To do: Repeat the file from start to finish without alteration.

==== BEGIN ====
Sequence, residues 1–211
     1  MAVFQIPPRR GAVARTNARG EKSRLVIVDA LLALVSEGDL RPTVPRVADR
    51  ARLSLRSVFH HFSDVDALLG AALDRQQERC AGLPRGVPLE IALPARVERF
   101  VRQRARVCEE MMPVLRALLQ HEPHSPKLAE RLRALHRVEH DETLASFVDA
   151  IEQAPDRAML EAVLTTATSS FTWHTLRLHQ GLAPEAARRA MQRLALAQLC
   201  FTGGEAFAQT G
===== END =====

Sequence, residues 1–211
     1  MAVFQIPPRR GAVARTNARG EKSRLVIVDA LLALVSEGDL RPTVPRVADR
    51  ARLSLRSVFH HFSDVDALLG AALDRQQERC AGLPRGVPLE IALPARVERF
   101  VRQRARVCEE MMPVLRALLQ HEPHSPKLAE RLRALHRVEH DETLASFVDA
   151  IEQAPDRAML EAVLTTATSS FTWHTLRLHQ GLAPEAARRA MQRLALAQLC
   201  FTGGEAFAQT G